When Jay Shoemaker reviewed the 2010 Prius, he castigated it for its dead-feeling controls, strange operating procedures and total lack of soul. He concluded: “But I have a feeling that one day soon we will be able to drive something that gets outstanding mileage while stimulating its operator in the process.” Mr. Shoemaker, your car has arrived. May I present the Volkswagen Jetta TDI?
VW took a different approach with its eco-warrior than Toyota. Instead of asking its drivers to wear their green/fuel economy on their automotive sleeves (cough Prius cough), the TDI is a model of subtlety. The only indication to the world that you’re driving anything more than an ordinary Jetta: the “TDI” badge on the rear end.
Both inside and out, the TDI is just a Jetta. That can be either a good or a bad thing, depending on what you think about the Jetta’s styling. Personally, I find it nice-looking in a wholesome “girl next door” kind of way. It’s not flashy, but you won’t be embarrassed to take it for a night on the town, either.
Inside, there are enough niceties like Sirius radio, trip computer, 115v outlet and heated seats to keep you from feeling you’re in a penalty box. For the gadget-oriented, a sunroof will set you back an extra $1K and sat-nav is a cool $2K. But that’s it for the toys.
Unfortunately, the TDI comes with only one choice in upholstery—V-Tex Leatherette (Mr. Shoemaker, your Naugahyde is ready). Only VW’s product planners know why Jetta drivers opting for the oil burner are condemned to plastic seating surfaces. During the summer months, owners in the southern climes may want to look into those beaded seat thingies taxi drivers use.
The TDI’s controls are logically placed and the manually-adjusted seats are firm in all the right places. Other than the upholstery (and the oppressive blackness of the test vehicle’s “anthracite” interior), the Jetta TDI’s interior is a pleasant enough place to spend a few hours. Or more. After three hours behind the wheel I felt like I could have easily done another three.
The fuel gauge said I could. I averaged about 43 MPG on a road trip that was roughly 80 percent highway driving and 20 percent city. And before all you Prius fans start pointing out that the Jetta TDI doesn’t get anywhere near the fuel mileage the 2010 Prius (51 city/48 highway), you’re right. The EPA rates the TDI at “only” 30 MPG in the city and 41 on the highway. But you know what? I’ll gladly sacrifice a few MPG to feel like I’m driving a car instead of playing a video game.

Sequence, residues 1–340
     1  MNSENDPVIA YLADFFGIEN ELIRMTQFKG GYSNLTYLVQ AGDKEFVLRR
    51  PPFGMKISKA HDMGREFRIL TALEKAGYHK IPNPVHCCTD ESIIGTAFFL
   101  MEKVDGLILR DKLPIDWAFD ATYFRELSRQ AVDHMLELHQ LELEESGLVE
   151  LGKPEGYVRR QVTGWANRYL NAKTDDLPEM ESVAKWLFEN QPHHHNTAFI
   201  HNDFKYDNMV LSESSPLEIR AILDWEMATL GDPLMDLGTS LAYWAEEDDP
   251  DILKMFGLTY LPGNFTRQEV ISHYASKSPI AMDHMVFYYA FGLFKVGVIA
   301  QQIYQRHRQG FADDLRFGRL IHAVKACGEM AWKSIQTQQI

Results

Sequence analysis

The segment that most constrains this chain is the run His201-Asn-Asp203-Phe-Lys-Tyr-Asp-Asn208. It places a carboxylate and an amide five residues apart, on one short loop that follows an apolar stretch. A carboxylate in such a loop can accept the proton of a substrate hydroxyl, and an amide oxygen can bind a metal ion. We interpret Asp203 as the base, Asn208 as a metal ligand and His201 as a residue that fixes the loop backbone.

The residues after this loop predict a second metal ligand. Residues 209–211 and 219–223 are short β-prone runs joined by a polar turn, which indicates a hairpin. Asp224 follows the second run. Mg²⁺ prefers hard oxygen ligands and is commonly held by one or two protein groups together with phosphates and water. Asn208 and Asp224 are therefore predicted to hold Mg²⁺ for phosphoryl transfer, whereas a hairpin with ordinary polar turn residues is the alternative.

And that’s what sets the Jetta TDI apart from the hybrids. It provides more fun per MPG than any car with 2.0 liters churning out just 140 HP should. The secret: 236 lb·ft of torque that come on early and keep pulling. There’s no diesel clatter, no diesel smell. The only thing that indicates you’re driving a diesel (other than the mileage) is that you have to pull it up to a smelly diesel pump to refuel. That and the rev limiter that I kept bumping into when winding out the engine in first and second gears.
The TDI’s six-speed manual gearbox is well suited for the powertrain. While it didn’t offer the perfect snickity feeling of, say, the Miata’s six-speed, it slipped easily into gear. I never missed a shift trying to figure out where it was going.
On the highway, the TDI quickly settles down into fuel-sippin’ cruise mode. I had no problems keeping up with (and passing) traffic on long uphill runs. In fact, I’ll admit to feeling a bit smug as I sailed past an H2 at 85MPH, realizing that I was outrunning it while using a quarter (or less) of the fuel.
Everyone I asked overshot the TDI’s price by several thousand. The six-speed model stickers at $22,270 (for the DSG automatic, add $1100). A set of overpriced floor mats and truck liner ($199) were the only installed options. While your local VW store isn’t very likely to cut you much slack on the price, the feds will bless you with a $1300 tax credit.
The TDI is an impressive automobile. If trading my Audi for one wouldn’t be the financial equivalent of dropping my pants, bending over the hood and telling the sales staff to line up and take a turn, I’d be tempted. If VW ever decides to sell a decent convertible with this engine, I could be walking funny for a few days—figuratively speaking, of course.
[Volkswagen provided the car, insurance and a tank of gas fuel for this review. Read Justin Berkowitz’s review of the Jetta TDI here.]